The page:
Tell us a little about your background.

Brown: I grew up in Lee’s Summit, Missouri, which is about 45 minutes away from Kansas City. I am going into my senior year at the University of Missouri pursuing a Bachelor of Science Degree in Information Technology with a minor in History. My hope is to one day have a career impacting the development of technology and resources that make history more accessible and interactive.

Gausland: I was born and raised in Barrington, Rhode Island, where I also attended high school. This past May I graduated from Wheaton College in Norton, Massachusetts, where I studied European History and ran varsity track for the past four years.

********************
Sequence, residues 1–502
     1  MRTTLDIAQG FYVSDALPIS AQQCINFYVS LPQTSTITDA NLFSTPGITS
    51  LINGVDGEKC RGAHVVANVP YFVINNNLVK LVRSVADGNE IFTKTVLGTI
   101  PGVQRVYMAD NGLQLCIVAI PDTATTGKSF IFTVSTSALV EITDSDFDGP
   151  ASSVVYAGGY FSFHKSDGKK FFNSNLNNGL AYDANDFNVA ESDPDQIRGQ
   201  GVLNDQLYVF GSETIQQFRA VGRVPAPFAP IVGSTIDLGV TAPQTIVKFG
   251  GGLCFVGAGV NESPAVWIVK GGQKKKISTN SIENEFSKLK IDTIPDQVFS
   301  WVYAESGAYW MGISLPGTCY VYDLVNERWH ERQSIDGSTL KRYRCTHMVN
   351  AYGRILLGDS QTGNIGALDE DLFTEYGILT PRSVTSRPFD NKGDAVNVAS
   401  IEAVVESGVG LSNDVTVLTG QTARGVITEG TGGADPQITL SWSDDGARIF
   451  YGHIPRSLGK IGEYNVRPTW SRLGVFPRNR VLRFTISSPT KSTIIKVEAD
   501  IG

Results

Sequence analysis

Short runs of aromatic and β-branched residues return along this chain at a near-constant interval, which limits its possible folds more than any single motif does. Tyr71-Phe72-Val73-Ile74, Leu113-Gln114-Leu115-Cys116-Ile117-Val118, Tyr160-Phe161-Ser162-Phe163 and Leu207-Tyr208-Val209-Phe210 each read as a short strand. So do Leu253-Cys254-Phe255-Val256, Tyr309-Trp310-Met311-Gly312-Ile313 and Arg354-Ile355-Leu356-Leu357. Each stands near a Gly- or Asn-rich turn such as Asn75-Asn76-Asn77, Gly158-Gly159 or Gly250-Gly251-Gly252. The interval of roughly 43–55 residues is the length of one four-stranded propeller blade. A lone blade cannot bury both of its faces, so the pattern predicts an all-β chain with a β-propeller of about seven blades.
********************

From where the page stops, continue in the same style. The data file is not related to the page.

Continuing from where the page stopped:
Kahn: I grew up in Barrington, Rhode Island, but I attended Pitzer College in Claremont, CA. There, I majored in Religious Studies, with a particular focus on Judaism and modernity. I wrote my senior thesis on Isaac Meir Dik’s 1868 Yiddish rewrite and translation of Harriet Beecher Stowe’s “Uncle Tom’s Cabin” published in Lithuania and retitled as “Slavery or Serfdom.”

How did you find out about the Library’s Junior Fellow program and what drew you to apply?

Brown: I was drawn to the program because of deep respect for the Library and my desire to learn from the various departments at the Library. I began to research and found this opportunity. The first time I found this program in my sophomore year; I was too intimated to apply then. But I dug deep, found some courage, and applied this year!